George Herriman is the greatest of all the great master newspaper cartoonists. Not only witty and wise he was one of the greatest masters of the pen.
No one ever mentioned comics or cartoons of any form when I was in art school. Even the elder teachers, who had grown up during the hay-day of Sunday newspaper strips like Krazy Kat and Gasoline Alley, never once mentioned them. My teachers loved to say that Picasso drew like an angel, but no one ever mentioned that he and Gertrude Stein (among many other elites of the art world) were enthralled by Krazy Kat.
When it came to what types or qualities of art and artists would be tolerated as being worthy of attention, praise and adulation, there was a very definite snobbery among my teachers. Naturally, that snobbery filtered down to us students. The result was that only those artists whose work resided in the great collections of the world’s museums were praised. That’s no knock on those collections or those artists. I’m just pointing out how restricted the cultural view was among my teachers. Herriman had about as much chance of getting the respect of my art teachers as a badly lit adult film from the 1970s.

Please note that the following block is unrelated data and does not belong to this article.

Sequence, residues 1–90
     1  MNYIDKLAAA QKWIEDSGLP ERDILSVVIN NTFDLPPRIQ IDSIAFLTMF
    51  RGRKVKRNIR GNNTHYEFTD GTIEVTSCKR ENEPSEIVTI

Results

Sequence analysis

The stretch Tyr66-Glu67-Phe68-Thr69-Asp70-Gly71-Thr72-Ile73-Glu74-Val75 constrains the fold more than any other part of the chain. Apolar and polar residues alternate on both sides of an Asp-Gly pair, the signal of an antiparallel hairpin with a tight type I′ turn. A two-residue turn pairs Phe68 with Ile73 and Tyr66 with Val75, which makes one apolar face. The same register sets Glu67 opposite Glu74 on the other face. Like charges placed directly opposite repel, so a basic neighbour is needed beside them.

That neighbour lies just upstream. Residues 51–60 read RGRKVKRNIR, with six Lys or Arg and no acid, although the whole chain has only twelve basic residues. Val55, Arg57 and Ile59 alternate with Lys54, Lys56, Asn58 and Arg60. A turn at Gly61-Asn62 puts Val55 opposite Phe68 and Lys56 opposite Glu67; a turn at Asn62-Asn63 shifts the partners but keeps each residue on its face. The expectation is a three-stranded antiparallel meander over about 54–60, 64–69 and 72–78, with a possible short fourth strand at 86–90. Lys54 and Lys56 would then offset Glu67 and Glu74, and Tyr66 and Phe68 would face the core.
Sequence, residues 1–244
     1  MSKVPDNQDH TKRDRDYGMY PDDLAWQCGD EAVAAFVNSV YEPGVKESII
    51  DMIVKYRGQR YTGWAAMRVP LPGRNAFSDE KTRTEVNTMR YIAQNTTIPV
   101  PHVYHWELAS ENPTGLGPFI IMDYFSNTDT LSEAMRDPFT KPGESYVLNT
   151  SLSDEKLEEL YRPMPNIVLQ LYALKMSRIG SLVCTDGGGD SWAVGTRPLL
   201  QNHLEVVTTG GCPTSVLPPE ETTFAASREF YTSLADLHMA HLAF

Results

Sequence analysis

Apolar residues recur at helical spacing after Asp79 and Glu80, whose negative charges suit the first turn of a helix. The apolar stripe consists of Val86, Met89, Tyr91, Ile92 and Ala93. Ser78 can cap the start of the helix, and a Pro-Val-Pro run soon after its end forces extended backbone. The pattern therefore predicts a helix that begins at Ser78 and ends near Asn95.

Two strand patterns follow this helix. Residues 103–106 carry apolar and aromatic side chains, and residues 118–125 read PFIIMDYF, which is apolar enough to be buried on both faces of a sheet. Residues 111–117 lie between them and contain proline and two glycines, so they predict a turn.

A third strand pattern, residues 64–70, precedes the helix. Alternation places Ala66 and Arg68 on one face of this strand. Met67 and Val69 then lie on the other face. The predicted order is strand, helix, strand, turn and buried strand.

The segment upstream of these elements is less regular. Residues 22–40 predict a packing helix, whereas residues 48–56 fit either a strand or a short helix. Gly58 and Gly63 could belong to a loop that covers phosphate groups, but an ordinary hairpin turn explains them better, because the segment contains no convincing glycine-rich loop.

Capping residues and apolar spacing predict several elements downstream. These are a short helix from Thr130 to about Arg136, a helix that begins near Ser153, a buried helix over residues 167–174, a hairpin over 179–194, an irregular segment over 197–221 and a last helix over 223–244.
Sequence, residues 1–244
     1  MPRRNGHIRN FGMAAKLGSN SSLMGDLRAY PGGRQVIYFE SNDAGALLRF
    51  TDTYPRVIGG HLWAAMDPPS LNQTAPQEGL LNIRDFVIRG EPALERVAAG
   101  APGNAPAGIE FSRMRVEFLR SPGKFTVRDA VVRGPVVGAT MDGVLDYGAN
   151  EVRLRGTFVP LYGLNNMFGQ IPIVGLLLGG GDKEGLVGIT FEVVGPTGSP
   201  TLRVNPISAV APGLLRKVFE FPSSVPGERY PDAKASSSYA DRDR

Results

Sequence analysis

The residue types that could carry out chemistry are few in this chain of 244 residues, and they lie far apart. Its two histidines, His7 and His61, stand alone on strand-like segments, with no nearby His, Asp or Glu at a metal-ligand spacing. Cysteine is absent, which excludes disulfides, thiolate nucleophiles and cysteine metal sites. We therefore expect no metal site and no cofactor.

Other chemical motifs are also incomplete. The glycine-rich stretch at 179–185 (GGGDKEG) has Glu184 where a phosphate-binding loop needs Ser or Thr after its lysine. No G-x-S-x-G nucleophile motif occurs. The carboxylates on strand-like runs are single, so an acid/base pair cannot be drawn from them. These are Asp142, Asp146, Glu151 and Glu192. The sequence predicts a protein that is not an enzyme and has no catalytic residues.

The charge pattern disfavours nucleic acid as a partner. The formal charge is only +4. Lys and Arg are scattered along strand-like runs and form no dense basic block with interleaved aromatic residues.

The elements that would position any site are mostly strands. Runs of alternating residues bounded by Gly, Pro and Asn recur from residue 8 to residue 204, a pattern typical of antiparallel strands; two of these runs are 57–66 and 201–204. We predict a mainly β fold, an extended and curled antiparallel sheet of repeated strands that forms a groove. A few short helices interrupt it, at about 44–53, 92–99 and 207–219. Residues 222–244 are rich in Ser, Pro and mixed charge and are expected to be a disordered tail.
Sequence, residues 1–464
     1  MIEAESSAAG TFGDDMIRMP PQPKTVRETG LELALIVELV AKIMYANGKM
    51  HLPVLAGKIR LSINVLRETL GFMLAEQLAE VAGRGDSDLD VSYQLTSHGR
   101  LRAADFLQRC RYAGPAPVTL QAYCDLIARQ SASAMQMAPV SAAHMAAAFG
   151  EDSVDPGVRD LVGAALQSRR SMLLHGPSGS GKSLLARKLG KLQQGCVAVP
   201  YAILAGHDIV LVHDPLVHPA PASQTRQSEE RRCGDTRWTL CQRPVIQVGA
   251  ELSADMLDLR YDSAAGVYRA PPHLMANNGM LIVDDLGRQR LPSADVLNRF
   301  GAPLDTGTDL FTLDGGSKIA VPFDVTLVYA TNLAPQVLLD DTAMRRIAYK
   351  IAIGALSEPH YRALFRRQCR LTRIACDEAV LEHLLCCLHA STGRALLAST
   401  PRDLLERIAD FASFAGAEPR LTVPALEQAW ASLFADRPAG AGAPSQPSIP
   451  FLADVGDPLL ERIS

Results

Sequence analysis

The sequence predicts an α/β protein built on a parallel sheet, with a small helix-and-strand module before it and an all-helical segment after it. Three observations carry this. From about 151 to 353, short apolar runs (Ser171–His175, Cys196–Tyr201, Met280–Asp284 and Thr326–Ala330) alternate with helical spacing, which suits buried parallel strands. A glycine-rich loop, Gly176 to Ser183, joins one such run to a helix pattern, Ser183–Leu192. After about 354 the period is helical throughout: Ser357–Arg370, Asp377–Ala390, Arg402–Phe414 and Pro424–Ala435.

It’s unfortunate that it took me so long to discover him and it’s sad that he didn’t have a place in my art school education. Herriman offers so much depth and beauty and hilarity and sweetness that surely everyone can find some way to relish in the little stories he tells.
This is the last panel from the last Krazy Kat Sunday strip. This image, especially when seen in context of the strip, is haunting. Pup’s heart has stopped in terror and panic over the possible drowning of Krazy. He tramps desperately to nowhere while clutching Krazy tightly; his mind already puddled in madness and grief and despair. He looks out at us… past us, not seeing or noticing anything. Without Krazy, he is an aimless and deranged zombie.
It’s a folly that I would even bother… but here’s a feeble study / sketch by me: